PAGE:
Full text Review:  

The American College of Physicians (ACP) issued its fifth and final living, rapid Practice Points regarding the use of remdesivir in hospitalized patients with COVID-19. The updated Practice Points are based on a review of the most up-to-date published data available on the benefits and harms of remdesivir and whether those benefits and harms vary by symptom duration, disease severity, and treatment duration. The paper, developed by the Scientific Medical Policy Committee of the ACP, is published in Annals of Internal Medicine.

Remdesivir is a broad-spectrum antiviral agent administered intravenously. It was authorized on Oct. 22, 2020, for emergency use for the treatment of COVID-19 in the U.S. by the Food and Drug Administration and in other countries.

ACP’s practice points are based on a living, rapid systematic review by the researchers from the Minneapolis VA Evidence Synthesis Program combining data from previous updates with data from newly identified randomized controlled trials (RCTs) through 19 October 2021. ACP’s final updated Practice Points target patients who will most benefit from the use of remdesivir.  The advice remains the same:

  • Consider remdesivir for 5 days to treat hospitalized patients with COVID-19 who do not require invasive ventilation or extracorporeal membrane oxygenation (ECMO). 
  • Consider extending the use of remdesivir to 10 days to treat hospitalized patients with COVID-19 who develop the need for invasive ventilation or ECMO within a 5-day course.
  • Avoid initiating remdesivir to treat hospitalized patients with COVID-19 who are already on invasive ventilation or ECMO.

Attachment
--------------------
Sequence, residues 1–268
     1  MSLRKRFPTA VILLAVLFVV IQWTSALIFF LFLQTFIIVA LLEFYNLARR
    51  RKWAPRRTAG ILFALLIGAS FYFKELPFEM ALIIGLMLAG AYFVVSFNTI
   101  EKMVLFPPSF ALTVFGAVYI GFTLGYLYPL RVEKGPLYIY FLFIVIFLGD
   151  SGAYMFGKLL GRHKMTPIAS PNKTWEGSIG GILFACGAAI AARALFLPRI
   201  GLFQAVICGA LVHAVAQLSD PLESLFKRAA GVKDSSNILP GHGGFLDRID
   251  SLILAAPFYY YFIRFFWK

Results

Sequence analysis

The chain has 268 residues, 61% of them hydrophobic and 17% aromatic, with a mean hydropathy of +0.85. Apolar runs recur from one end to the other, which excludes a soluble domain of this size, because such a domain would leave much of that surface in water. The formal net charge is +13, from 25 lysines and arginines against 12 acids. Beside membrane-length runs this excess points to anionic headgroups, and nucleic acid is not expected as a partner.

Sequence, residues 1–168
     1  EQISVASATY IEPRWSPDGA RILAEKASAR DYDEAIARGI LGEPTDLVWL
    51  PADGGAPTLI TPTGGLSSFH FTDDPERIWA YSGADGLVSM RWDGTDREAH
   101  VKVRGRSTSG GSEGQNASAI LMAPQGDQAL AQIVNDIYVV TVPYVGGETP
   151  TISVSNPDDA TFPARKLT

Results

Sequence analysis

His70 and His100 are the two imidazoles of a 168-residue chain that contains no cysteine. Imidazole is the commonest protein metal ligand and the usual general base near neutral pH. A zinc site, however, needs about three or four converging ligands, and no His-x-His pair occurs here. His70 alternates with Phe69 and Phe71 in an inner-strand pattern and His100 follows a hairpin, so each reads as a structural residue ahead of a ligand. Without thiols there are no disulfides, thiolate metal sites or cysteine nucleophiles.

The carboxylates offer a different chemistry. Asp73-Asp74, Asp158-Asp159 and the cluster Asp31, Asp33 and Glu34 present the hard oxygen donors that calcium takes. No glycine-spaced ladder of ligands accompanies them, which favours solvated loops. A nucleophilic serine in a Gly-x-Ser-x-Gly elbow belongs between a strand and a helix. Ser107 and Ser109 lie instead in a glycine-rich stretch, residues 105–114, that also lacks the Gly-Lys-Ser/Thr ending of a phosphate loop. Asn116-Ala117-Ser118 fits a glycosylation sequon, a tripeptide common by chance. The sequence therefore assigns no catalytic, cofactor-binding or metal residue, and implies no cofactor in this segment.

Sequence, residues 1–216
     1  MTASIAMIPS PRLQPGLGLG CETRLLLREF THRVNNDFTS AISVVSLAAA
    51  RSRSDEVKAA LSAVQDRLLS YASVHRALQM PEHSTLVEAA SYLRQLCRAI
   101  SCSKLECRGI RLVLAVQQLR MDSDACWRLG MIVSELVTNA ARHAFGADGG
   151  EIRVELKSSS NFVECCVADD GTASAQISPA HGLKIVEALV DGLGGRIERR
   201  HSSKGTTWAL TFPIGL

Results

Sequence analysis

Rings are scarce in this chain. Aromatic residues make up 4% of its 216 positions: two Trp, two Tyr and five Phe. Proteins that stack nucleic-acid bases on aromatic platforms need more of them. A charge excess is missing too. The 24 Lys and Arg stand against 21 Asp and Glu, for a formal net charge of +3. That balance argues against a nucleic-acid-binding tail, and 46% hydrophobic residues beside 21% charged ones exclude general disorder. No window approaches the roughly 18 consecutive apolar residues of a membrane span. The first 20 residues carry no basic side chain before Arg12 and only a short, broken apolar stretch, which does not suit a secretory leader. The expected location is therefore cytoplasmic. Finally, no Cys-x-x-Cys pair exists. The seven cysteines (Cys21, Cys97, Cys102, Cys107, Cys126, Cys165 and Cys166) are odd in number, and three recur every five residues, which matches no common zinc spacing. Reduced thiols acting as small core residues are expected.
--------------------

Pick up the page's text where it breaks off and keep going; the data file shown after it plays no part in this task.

ACP’s Practice Points provide advice to improve the health of individuals and populations and promote high value care based on the best available evidence derived from assessment of scientific work. Practice Points are maintained as a “living” document until ACP’s Scientific Medical Policy Committee determines that no more updates are needed. The Scientific Medical Policy Committee has decided to retire this topic from living status in order to balance current priorities and considering that the last 3 updates did not result in important changes to conclusions.

Media contacts: For an embargoed PDF, please contact Angela Collom at To speak with someone from ACP, please contact Andy Hachadorian at


Also new in this issue:

Integrating Quality Assurance and Quality Improvement With Guidelines: Systematic Stakeholder-Driven Development of an Extension of the Guidelines International Network–McMaster Guideline Development Checklist

Thomas Piggott, MD, MSc; Miranda W. Langendam, PhD; Elena Parmelli, PhD; Jan Adolfsson, MD, PhD; Elie Akl, MD, MPH, PhD; David Armstrong, MA, MB BChir; Jeffrey Braithwaite, PhD; Romina Brignardello-Petersen, DDS, MSc, PhD; Jan Brozek, MD, PhD; Markus Follmann, MD, MPH, MSc; Ina Kopp, MD; Joerg J. Meerpohl, MD; Luciana Neamtiu, PhD; Monika Nothacker, MD, MPH; Amir Qaseem, MD, PhD, MHA; Paolo Giorgi Rossi, PhD; Zuleika Saz-Parkinson, PhD, MS; Philip J. van der Wees, PhD; and Holger J. Schünemann, MD, PhD, MSc

Ideas and Opinions



Additional new COVID-19 content in this issue:

Prescribing Nirmatrelvir–Ritonavir: How to Recognize and Manage Drug–Drug Interactions

Catia Marzolini, PharmD, PhD;Daniel R. Kuritzkes, MD; Fiona Marra, PharmD; Alison Boyle, PharmD; Sara Gibbons, MPhil; Charles Flexner, MD; Anton Pozniak, MD; Marta Boffito, MD, PhD; Laura Waters, MD; David Burger, PharmD, PhD; David Back, PhD; Saye Khoo, MD

Ideas and Opinions